Beacon Power, a company that makes flywheels designed to provide brief bursts of power to stabilize the grid, declared bankruptcy yesterday, according to Reuters. The company had received a $43 million loan guarantee from the U.S. Department of Energy last year. It used most of that money to build a 20-megawatt energy storage facility in New York.
The bankruptcy comes several weeks after another loan guarantee recipient, Solyndra, declared bankruptcy. The amount of the Beacon Power loan is far less than the $535 million Solyndra received. Unlike Solyndra, which shuttered its manufacturing facilities, Beacon Power’s energy storage facility is reportedly still up and running.
Beacon Power’s technology was aimed at a niche market called frequency regulation—it helped utilities keep the grid operating near 60 hertz. Ordinarily, this is done by adjusting the output of power plants. It’s possible to do the same thing by storing or delivering energy with a flywheel, which could be cleaner and reduce wear and tear on power plant equipment.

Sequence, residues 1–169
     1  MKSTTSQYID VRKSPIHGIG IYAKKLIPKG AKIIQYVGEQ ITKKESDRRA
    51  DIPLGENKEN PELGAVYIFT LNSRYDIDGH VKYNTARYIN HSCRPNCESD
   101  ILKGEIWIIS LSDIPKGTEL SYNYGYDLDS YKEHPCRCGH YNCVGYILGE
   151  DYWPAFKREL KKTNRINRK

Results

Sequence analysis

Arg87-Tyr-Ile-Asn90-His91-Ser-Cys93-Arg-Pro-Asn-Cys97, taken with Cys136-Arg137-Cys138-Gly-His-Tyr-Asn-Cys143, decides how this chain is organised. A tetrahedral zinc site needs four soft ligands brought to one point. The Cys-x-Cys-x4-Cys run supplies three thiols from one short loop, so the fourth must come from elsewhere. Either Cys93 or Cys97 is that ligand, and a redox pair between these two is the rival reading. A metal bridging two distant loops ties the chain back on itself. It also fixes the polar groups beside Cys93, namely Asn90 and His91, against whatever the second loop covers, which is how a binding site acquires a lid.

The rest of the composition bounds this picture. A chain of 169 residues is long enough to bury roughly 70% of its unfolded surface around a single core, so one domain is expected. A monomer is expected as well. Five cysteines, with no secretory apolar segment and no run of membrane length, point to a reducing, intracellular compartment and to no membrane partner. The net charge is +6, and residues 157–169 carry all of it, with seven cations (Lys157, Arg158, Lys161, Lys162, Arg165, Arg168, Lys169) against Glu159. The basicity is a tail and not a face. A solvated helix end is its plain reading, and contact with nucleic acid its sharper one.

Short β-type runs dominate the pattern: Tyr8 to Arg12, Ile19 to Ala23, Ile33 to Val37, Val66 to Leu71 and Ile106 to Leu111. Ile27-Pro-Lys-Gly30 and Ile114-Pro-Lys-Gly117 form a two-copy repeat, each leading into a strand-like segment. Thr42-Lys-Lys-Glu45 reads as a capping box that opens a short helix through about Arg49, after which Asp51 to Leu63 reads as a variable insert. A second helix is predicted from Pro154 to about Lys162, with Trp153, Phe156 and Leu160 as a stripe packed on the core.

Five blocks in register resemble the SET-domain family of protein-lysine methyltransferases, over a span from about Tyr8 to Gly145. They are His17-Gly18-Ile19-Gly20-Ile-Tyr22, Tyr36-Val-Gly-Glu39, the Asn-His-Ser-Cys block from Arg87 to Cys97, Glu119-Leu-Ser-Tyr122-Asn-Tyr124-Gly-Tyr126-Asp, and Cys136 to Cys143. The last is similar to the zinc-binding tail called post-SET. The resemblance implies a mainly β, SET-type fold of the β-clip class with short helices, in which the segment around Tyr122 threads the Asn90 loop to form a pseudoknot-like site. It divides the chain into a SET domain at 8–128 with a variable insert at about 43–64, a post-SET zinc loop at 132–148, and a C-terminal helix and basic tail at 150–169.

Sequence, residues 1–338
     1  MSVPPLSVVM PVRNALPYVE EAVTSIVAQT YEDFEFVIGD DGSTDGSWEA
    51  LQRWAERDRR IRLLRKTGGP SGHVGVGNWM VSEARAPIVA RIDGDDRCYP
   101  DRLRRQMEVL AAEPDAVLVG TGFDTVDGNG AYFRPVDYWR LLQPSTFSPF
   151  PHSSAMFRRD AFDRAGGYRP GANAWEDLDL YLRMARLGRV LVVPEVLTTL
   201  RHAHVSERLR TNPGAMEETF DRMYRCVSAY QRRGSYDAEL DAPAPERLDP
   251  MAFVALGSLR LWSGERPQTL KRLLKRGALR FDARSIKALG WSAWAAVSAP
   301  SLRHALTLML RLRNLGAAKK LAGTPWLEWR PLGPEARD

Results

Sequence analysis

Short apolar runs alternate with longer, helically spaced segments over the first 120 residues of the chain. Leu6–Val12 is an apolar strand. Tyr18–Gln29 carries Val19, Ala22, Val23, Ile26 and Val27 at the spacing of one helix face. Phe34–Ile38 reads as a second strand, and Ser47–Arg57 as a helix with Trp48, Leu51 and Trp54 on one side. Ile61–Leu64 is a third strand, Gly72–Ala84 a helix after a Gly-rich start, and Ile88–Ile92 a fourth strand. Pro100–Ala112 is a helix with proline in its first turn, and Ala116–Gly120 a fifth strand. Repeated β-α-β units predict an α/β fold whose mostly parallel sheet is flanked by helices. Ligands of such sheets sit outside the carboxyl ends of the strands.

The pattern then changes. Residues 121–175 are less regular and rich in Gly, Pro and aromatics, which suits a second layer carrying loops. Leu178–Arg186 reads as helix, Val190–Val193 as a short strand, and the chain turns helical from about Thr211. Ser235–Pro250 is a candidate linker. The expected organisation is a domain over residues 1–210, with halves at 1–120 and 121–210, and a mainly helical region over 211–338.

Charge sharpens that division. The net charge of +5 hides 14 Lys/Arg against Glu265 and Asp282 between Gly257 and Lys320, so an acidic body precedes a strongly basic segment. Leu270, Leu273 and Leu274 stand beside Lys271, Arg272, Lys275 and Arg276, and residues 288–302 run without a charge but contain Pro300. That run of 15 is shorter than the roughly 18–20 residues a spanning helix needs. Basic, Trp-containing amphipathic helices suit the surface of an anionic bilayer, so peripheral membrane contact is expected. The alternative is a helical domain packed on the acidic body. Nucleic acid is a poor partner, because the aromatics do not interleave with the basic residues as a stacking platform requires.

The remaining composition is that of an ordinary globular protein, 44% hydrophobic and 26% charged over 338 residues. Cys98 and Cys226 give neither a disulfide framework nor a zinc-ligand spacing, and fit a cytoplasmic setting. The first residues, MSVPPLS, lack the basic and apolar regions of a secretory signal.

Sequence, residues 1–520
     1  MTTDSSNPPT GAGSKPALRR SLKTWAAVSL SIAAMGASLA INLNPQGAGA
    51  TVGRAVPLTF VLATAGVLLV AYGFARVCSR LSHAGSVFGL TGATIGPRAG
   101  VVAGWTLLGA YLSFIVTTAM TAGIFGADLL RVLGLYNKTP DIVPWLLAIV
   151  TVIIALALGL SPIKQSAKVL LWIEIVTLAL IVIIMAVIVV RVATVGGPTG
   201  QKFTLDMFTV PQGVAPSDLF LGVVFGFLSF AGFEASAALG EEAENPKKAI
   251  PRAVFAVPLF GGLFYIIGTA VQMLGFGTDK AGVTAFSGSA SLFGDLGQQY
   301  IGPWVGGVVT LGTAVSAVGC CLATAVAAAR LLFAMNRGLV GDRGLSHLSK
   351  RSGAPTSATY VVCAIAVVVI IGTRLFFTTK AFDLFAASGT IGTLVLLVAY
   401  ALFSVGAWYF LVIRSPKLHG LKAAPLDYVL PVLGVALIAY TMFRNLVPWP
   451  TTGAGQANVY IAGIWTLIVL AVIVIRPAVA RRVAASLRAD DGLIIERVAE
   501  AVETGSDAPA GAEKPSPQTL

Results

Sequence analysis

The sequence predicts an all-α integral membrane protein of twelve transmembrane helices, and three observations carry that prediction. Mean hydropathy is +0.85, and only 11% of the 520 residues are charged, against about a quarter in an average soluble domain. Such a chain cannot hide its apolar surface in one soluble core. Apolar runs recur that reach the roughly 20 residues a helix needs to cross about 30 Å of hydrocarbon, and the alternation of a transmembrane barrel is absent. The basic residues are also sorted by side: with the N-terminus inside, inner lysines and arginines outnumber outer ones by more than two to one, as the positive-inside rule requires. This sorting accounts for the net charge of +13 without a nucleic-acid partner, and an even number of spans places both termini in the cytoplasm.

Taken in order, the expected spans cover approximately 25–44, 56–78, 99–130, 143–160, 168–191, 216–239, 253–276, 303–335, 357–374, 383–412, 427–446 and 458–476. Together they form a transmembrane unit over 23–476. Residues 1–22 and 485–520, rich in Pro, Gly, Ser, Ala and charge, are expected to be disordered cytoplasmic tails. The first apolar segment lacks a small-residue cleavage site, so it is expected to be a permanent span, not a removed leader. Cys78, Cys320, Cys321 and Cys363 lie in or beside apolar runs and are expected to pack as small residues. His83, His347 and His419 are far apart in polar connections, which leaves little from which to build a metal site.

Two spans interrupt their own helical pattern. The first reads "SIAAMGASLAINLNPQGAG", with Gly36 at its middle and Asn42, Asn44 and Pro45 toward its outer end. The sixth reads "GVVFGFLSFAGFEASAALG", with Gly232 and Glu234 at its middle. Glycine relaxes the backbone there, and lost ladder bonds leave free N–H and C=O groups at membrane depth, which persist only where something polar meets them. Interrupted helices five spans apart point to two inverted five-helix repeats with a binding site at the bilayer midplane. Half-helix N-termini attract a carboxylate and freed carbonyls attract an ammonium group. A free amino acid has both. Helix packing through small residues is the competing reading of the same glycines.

Flywheels don’t store much energy, so they don’t address other needs on the power grid, such as providing continuous energy during times of peak demand to reduce the need for polluting peaking power plants. It also can’t be used to store large amounts of energy from wind farms when it’s windy at night for use during the day.
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